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4. Their leader was on the run for two years.
While Salameh, Ayyad, Abouhalima and Ajaj were on trial, convicted and sentenced to life in March 1994, the man identified as the mastermind of the plot fled to Pakistan immediately after the attack. Over the next two years, Ramzi Yousef participated in a variety of other terrorist actions, including planting a bomb on a commercial plane in the Philippines to test a larger plot involving explosions on a dozen American planes. Captured in February 1995, Yousef was extradited to New York City, tried and convicted of both the bombing and the Manila plane plot, codenamed “Bojinka”. He was sentenced in January 1998 to life imprisonment plus 240 years, with the judge taking into account the combined life expectancy of the six people killed in the 1993 bombing. Yousef did not apologize, saying that he wanted to punish the United States for its role in helping Israel. “Yes, I am a terrorist and proud of it,” he told the court.
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5. Several of the WTC bombers were linked to the same mosque, led by an influential extremist cleric known as the “Blind Sheikh”.
The arrests of Salameh, Abouhalima and Ayyad led FBI investigators to a Brooklyn mosque they all three had attended, and to the home of Sheikh Omar Abdel Rahman, a radical Sunni Muslim cleric who had emigrated to the United States in the early years of the United States. 1990s. Abdel Rahman, who lost his sight at a young age, espoused a form of fundamentalist Islam that condemned secular Muslims, Western materialism, and American support for Israel and Egypt. In the early 1980s, he was tried and acquitted twice for having incited the assassination of the country’s president Anwar Sadat.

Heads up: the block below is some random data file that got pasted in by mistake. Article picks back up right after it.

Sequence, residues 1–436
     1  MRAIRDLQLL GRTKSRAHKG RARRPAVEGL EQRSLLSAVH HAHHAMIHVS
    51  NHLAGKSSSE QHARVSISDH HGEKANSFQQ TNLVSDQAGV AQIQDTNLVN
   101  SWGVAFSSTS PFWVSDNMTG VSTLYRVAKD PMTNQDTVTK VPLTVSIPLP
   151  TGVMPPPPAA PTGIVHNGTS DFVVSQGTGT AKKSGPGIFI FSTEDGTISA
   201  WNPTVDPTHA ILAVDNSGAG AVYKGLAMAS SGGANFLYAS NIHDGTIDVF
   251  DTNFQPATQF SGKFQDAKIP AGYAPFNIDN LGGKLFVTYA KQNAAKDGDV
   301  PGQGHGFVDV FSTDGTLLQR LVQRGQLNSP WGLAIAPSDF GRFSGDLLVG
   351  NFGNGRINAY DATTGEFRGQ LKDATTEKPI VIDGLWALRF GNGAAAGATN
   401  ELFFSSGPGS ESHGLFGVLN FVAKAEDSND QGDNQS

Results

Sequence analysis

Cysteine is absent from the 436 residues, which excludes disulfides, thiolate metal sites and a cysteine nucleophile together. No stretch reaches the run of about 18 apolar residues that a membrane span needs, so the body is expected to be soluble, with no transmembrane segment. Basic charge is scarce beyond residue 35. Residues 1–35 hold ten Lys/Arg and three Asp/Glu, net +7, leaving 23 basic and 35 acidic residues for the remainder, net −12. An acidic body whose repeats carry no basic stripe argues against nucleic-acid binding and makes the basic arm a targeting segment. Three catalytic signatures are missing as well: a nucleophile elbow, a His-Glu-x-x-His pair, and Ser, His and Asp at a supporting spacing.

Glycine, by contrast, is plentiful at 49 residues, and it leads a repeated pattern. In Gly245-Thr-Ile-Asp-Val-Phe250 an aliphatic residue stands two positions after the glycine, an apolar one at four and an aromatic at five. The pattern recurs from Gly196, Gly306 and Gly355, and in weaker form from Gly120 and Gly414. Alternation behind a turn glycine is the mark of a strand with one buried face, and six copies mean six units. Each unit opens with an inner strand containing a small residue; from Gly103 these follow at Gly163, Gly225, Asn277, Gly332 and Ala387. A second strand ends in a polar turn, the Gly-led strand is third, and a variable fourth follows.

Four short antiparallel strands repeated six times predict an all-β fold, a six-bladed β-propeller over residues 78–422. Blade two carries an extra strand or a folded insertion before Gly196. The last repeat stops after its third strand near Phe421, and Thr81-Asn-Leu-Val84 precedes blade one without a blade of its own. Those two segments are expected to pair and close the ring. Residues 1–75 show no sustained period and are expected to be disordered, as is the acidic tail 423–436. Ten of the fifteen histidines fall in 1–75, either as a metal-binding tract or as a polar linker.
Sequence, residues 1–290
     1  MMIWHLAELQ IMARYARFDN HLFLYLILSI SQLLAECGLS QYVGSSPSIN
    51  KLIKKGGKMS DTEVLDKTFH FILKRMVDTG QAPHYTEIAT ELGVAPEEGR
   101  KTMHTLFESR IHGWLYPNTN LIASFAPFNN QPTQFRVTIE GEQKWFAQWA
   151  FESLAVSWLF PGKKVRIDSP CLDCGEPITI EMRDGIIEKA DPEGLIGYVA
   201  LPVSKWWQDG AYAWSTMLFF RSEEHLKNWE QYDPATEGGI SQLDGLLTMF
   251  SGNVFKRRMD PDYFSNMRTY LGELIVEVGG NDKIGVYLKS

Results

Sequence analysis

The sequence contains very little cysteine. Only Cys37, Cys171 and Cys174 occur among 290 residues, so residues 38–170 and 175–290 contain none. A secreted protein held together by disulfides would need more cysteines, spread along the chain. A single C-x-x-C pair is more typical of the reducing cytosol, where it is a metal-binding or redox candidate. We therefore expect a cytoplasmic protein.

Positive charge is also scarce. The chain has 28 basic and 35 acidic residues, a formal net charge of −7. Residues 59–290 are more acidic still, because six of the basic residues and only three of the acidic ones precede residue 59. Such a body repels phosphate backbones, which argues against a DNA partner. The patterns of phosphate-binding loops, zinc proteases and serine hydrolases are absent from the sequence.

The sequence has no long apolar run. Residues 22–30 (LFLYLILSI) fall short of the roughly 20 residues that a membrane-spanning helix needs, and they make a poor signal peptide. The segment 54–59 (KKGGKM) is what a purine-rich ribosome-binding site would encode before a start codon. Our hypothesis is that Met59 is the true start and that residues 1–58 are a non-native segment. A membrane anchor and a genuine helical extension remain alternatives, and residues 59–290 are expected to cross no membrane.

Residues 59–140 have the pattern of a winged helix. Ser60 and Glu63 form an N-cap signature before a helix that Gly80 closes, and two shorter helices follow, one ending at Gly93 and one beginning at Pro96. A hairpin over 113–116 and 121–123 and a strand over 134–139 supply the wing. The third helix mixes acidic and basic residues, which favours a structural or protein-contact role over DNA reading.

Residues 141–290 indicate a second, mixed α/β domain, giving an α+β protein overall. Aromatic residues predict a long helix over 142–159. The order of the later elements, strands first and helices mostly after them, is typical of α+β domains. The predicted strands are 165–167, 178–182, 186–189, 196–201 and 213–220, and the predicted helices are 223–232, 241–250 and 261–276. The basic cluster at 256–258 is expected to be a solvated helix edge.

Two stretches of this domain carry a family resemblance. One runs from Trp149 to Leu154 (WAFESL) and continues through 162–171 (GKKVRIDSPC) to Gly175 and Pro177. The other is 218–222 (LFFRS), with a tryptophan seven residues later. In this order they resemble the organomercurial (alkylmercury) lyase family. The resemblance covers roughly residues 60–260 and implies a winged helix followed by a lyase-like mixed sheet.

6. Several months after the bombing, investigators foiled yet another terrorist plot against major New York City landmarks.
In June 1993, as part of an ongoing surveillance operation, an FBI camera filmed a group of men building a bomb in a garage in Queens, New York. Authorities then arrested Abdel Rahman and nine of his supporters and accused them of planning to simultaneously bomb the United Nations headquarters, the George Washington Bridge and the Holland and Lincoln tunnels, among other targets. They were convicted and sentenced to life imprisonment at the end of 1995. Even behind bars, Abdel Rahman continued to exert a powerful influence over radical Muslims. Peter Bergen, journalist and biographer of Osama bin Laden, described him as the “spiritual guide of September 11”.
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7. The 1993 bombing turned out to be a deadly dress rehearsal for September 11.
In early 1996, the US authorities determined that Ramzi Yousef’s uncle, Khalid Sheikh Mohammed, had conspired with his nephew to shoot down the planes of the “Bojinka” plot and had wired him money before the first World Trade Center attack. . But KSM (as it was called) escaped capture and rose through the ranks of the militant Islamic group al-Qaeda to become one of Bin Laden’s main lieutenants. As the “main architect” of the 9/11 terrorist attacks, KSM succeeded where its nephew failed, orchestrating the destruction of the Twin Towers and the mass murder of thousands of civilians on American soil.